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Collapsed Florida condo demolished, search and rescue to resume

Damaged remaining portion of the collapsed Florida apartment block demolished as rescuers prepare to resume searching for victims.

Demolition crews have set off explosives to bring down the remaining portion of a partially collapsed apartment building in South Florida, where 24 people have been confirmed dead and 121 remain missing.

Video footage late on Sunday showed the 12-storey Champlain Towers South in Surfside, outside Miami, being demolished – 10 days after most of the building collapsed in the early hours of June 24 while residents were asleep.

Search-and-rescue efforts for the missing have been suspended, but Miami-Dade County Mayor Daniella Levine Cava said rescuers would immediately get back to the task of trying to locate any survivors buried under the rubble as soon as they received the “all clear”.

“We are standing by. We are ready to go in, no matter the time of night,” Levine Cava told a news conference on Sunday night.

No one has been rescued alive since the first hours after the June 24 collapse.

Rescuers are hoping the demolition will give them access for the first time to parts of the garage area that are a focus of interest, Miami-Dade Assistant Fire Chief Raide Jadallah said. That could give a clearer picture of any voids in the rubble that could harbour survivors.

Officials had evacuated residents around the site in advance of the demolition and warned others to stay indoors and close windows, doors and any other openings that could allow dust in.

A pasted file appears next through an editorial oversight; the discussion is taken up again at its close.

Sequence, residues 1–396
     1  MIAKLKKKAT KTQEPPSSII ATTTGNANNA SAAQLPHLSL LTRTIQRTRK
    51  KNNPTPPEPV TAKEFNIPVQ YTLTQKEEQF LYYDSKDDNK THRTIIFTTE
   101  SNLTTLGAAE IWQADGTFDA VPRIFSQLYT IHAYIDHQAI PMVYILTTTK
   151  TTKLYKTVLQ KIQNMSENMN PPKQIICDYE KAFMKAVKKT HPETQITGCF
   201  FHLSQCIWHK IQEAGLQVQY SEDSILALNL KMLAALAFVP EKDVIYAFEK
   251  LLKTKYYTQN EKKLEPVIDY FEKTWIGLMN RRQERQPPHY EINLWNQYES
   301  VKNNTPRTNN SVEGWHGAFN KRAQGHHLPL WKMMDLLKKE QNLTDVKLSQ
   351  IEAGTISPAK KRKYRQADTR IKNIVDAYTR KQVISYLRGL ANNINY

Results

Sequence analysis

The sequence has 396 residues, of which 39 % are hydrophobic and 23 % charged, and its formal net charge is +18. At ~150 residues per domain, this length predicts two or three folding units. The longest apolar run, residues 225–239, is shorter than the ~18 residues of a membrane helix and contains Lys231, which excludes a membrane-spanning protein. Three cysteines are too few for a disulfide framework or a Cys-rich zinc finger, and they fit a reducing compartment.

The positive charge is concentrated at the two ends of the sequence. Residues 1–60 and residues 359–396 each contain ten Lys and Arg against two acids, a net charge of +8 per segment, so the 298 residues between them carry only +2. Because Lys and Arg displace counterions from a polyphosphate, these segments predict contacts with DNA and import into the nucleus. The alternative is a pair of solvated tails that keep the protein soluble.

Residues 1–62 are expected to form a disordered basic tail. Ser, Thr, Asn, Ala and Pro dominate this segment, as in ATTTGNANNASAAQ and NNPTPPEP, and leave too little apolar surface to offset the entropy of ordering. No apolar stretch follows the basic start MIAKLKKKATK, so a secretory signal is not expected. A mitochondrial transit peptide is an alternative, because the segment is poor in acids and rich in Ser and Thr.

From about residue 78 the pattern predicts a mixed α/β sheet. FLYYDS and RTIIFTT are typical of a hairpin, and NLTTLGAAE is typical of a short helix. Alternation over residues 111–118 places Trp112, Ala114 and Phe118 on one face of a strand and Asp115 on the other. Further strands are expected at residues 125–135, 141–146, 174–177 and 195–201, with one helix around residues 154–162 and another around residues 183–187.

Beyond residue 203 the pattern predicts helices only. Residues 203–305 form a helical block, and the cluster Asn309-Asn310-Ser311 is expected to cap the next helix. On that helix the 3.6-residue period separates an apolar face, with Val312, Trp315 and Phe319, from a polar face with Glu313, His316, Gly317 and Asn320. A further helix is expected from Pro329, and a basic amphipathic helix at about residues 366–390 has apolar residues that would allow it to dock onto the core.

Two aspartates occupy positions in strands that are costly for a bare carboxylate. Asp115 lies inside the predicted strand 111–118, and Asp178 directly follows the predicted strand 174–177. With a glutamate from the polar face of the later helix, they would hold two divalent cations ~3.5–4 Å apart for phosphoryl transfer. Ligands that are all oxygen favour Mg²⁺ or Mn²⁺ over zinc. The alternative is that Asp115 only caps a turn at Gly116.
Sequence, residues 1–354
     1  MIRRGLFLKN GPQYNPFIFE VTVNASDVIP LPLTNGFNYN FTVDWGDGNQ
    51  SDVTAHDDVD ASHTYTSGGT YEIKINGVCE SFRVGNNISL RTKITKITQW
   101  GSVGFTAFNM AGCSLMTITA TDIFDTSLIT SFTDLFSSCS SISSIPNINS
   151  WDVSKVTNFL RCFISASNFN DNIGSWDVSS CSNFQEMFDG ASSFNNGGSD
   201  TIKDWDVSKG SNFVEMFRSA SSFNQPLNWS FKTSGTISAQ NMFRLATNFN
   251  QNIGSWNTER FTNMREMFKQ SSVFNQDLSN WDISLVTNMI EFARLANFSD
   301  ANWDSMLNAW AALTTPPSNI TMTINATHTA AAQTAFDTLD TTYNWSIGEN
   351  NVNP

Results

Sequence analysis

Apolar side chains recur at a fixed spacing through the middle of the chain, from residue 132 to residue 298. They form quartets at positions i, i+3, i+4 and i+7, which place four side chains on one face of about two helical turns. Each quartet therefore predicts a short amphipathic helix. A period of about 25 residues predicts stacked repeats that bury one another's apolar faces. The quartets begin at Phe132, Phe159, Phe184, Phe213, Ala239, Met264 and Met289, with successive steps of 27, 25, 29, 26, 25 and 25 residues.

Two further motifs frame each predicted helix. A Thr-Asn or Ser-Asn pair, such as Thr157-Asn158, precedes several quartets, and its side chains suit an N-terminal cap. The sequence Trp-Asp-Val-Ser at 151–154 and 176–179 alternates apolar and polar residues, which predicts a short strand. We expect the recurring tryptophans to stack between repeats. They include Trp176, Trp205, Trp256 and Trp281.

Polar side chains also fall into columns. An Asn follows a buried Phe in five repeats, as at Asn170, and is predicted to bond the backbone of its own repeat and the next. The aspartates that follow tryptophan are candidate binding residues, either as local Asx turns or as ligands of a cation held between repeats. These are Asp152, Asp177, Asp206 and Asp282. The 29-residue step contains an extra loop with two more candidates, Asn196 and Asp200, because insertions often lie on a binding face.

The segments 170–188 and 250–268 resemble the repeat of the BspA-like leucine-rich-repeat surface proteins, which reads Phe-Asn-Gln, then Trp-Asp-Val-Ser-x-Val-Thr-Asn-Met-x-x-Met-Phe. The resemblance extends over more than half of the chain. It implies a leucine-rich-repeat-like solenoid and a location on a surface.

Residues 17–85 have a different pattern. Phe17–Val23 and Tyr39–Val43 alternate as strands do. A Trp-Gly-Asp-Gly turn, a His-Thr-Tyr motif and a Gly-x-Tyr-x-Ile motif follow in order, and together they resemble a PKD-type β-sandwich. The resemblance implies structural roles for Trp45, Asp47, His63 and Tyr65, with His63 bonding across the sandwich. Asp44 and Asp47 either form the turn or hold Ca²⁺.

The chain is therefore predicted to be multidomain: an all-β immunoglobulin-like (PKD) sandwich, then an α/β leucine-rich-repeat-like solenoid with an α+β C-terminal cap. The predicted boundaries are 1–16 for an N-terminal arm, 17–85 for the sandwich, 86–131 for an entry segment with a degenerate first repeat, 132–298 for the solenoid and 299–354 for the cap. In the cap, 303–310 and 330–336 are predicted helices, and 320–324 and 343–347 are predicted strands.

The decision to demolish the apartment building came after concerns mounted that the damaged structure was at risk of falling, endangering the crews below and preventing them from operating in some areas. Parts of the remaining building shifted on Thursday, prompting a 15-hour suspension in the work.

The possible arrival of Tropical Storm Elsa created added urgency.

As of Sunday afternoon, the storm was off the coast of Cuba with winds of 60 miles per hour (95km/h). The latest forecasts have moved the storm westwards, mostly sparing South Florida, but National Hurricane Center meteorologist Robert Molleda said the area could still feel the effects.

“We’re expecting primarily tropical storm force gusts,” Molleda said, referring to gusts above 40 mph (64km/h).

Instead of the usual fireworks and flag-waving parties, beachside communities in the area have planned more subdued events for the Fourth of July. Miami Beach cancelled its Independence Day celebrations.

Investigators have not determined what caused the 40-year-old complex to collapse on June 24. A 2018 engineering report found structural deficiencies that are now the focus of inquiries.




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